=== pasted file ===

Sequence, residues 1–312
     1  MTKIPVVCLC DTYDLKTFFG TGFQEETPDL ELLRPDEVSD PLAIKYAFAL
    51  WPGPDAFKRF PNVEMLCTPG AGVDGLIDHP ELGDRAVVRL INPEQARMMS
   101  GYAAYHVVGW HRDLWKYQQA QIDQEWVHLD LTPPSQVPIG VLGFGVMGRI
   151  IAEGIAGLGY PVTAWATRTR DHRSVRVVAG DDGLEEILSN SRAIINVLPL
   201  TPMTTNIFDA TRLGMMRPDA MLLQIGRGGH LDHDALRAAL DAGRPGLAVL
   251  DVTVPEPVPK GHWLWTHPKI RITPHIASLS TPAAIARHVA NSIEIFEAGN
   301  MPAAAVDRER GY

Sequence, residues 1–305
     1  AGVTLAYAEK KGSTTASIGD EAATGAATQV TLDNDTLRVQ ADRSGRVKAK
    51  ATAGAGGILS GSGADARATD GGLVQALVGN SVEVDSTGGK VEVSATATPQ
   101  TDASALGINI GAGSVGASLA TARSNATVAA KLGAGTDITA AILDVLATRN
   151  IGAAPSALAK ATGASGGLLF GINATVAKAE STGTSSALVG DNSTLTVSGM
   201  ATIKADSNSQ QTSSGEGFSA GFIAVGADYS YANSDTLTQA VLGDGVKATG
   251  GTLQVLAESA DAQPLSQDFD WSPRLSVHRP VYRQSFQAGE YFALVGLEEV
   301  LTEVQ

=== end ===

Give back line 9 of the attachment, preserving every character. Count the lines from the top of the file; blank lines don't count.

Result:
Sequence, residues 1–305